Berninger’s awareness of the female voice hits you on the very first track, “You Had Your Soul With You,” where his persona bemoans his inability to be there for his love when she has her “soul with [her].” It’s telling that she doesn’t always have her soul with her: evidently she frequently gets along without it, making her as big a mess as he is. But when she does have it, he regrets that “I was in no mood” and that, when he had a chance to connect with her, he didn’t: “I had only one thing to do and I couldn’t do it yet.” In the second verse, he expands on what having a “soul with you” might mean:
You felt like heaven stood up in you
You said love fills you out
It moves you from the skeleton and pulls you around
Still, isolated as he feels (“I had only one last feather left / I wore it on the island of my head”), he “couldn’t do it.” The music then crescendos into a spatter of snare drum, noisy keyboards, and the skitter of a frenetic guitar that calls to mind Vampire Weekend; then the noise suddenly drops away and we hear the creamy alto of Gail Ann Dorsey:
I have owed to my heart, every word I’ve said
You have no idea how hard I died when you left
As evocative as Berninger’s description of the woman’s soul is, we now see (and hear) it from the woman’s point of view, and it’s a whole new, painfully beautiful thing. In fact, the moment Dorsey starts to sing, the song — and the album — become something new for The National, a dynamic interplay of voices that makes the struggle between lovers more multifaceted and real.
This interplay builds throughout the album’s 16 compositions (it’s a 64-minute CD). Pick your track. There’s “Oblivions,” a guy-and-girl dialogue between Berninger and Mina Tindle that deals with a persistent sticking point between two lovers about to marry: the guy’s a blithe romantic who she fears isn’t solid enough to stick around (“Do you think you can carry me / Over the threshold / Over and over until oblivion?”); and even if he does, how will they manage to connect, since “I know I am easy to find but you know it’s never me”? (The lyrics are credited to Berninger and Carin Besser.) Or how about the next track, “The Pull of You” (also co-credited), which deconstructs the familiar metaphor of lovers being “connected by a thread / If we’re ever far apart / I’ll still feel the pull of you”? No sooner is the metaphor introduced than we get a dissociated internal monologue from the man that makes it clear he’s in no condition to hold up his end of the bargain. Following a beautiful verse from the male character wailing about his own untrustworthiness in relationships (“I know I can get attached and then unattached”), we get another spoken monologue, this time from the woman, which is almost as chaotic and only a bit more sane. By the song’s conclusion, both of them are admitting “[s]ometimes I don’t think I’m really around here at all.” And there you have it, the album’s bottom-line scenario: how are two broken people, existentially absent even from themselves, supposed to be with, let alone heal one another?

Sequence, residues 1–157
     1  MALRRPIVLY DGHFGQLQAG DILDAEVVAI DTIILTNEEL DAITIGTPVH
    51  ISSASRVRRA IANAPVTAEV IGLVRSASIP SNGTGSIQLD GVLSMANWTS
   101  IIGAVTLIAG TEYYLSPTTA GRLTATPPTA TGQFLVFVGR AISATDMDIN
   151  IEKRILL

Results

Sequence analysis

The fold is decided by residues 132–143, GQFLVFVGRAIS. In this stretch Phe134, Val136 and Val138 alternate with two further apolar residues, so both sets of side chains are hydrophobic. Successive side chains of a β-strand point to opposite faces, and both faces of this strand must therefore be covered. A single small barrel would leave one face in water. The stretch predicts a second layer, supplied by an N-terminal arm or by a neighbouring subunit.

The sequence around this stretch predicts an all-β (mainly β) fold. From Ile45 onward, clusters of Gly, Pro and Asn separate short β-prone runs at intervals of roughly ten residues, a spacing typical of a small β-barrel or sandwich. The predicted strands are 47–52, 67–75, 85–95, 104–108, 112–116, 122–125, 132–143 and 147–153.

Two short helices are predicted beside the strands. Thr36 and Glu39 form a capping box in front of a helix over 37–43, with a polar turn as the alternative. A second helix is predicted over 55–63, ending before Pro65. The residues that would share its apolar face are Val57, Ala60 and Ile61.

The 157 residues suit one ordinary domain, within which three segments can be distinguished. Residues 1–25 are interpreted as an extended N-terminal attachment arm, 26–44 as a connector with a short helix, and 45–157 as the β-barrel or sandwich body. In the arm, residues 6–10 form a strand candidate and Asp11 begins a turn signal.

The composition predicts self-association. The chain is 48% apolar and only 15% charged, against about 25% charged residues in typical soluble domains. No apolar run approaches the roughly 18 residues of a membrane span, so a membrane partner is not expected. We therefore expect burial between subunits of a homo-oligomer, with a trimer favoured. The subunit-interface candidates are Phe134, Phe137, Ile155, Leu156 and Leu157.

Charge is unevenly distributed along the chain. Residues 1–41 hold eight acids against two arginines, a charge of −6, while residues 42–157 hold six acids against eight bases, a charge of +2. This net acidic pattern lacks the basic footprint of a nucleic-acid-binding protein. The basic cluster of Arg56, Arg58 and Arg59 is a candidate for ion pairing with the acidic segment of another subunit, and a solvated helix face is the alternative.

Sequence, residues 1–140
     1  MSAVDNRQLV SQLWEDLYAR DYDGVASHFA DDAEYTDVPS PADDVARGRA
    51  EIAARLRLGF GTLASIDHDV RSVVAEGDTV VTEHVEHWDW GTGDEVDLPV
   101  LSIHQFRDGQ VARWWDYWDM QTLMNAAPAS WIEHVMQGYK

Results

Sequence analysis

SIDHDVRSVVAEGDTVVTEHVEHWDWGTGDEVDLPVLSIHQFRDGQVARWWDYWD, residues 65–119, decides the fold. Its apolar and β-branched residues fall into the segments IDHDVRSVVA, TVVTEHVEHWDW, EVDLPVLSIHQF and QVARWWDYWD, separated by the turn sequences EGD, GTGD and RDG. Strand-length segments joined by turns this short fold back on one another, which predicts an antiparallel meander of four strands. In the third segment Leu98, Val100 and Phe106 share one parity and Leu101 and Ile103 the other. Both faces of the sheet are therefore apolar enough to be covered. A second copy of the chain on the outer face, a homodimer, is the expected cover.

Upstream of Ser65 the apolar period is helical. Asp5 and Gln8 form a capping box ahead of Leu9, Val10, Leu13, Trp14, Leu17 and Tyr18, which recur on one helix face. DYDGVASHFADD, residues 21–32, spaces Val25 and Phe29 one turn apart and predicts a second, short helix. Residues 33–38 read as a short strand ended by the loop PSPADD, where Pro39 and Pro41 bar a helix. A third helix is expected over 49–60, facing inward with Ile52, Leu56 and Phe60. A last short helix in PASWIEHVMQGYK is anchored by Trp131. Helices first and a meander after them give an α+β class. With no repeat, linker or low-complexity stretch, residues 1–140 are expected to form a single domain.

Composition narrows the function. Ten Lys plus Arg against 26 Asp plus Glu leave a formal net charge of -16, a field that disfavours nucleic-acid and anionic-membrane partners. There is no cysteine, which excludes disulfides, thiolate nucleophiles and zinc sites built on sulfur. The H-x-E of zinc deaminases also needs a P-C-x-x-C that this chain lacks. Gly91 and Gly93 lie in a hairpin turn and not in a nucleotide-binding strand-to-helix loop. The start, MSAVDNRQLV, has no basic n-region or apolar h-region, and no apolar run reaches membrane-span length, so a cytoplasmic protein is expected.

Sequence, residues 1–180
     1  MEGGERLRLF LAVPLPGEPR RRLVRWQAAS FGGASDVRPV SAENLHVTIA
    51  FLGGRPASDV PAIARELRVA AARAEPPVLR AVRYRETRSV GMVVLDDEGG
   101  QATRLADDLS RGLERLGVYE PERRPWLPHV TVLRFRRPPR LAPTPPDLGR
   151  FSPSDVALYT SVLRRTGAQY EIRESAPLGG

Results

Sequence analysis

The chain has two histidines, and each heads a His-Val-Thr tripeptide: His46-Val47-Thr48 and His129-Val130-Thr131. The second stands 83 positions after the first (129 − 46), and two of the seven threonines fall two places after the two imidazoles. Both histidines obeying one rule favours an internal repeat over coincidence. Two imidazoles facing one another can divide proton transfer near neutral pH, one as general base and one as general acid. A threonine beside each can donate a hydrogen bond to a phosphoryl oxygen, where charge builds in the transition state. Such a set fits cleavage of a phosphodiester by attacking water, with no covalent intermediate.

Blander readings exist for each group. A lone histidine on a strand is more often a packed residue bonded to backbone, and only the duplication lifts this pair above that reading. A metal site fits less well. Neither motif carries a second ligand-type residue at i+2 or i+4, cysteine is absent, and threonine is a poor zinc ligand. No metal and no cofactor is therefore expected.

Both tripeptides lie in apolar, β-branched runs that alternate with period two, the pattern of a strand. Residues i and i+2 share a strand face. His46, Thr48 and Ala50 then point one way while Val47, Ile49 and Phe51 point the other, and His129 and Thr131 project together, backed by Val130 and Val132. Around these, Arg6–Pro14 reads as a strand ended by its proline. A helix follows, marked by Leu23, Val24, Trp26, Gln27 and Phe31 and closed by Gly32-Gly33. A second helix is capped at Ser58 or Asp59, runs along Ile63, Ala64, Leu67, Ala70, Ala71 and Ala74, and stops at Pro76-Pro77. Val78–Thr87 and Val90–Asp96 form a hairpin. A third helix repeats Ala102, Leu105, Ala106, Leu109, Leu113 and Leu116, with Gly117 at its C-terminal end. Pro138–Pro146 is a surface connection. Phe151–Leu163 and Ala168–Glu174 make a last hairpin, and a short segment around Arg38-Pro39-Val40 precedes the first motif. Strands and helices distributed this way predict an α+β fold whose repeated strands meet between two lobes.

Well, sometimes they agree to lie to themselves. In “Roman Holiday,” over sleepy keyboards that create a sort of slugged, drugged atmosphere, two lovers urge each other to escape and delude themselves about their lives: “I’ll take away your shame […] we don’t feel the pain” — they know they’re deluded but do it anyway. In “Where Is Her Head,” a nerve-jangling percussion work-out, a female voice asks over and over, “Where are her hands? / Where are her eyes? Where is her head? What is she thinking?” — as if her very identity were being pulled apart as she sings. In response, the male voice panics: “I think I’m hittin’ a wall / I hate loving you as much as I do.” In “Hey Rosey,” a Berninger and Dorsey duo that’s given a faux-naïf arrangement (twinkly nursery sounds plus swooping strings), we get a pair of innocents: she begins by singing, “I’m your angel when it rains, dear”; at first, he agrees, before admitting that “I’m the rocks they weigh down the angels with.” Still, they can’t keep apart: “I will love you like there’s razors in it,” she sings, though in the very next line we learn that “she’ll love you like a radiant flame.” If your reaction to this swarm of contradictory emotion is “Ahhhhhhh!” — well, join the club — but Berninger’s final line, sung with wild-eyed earnestness, is perfect. “There’s never really any … safety in it,” which is both a truism about love and a reminder why it’s a truism: because it’s true.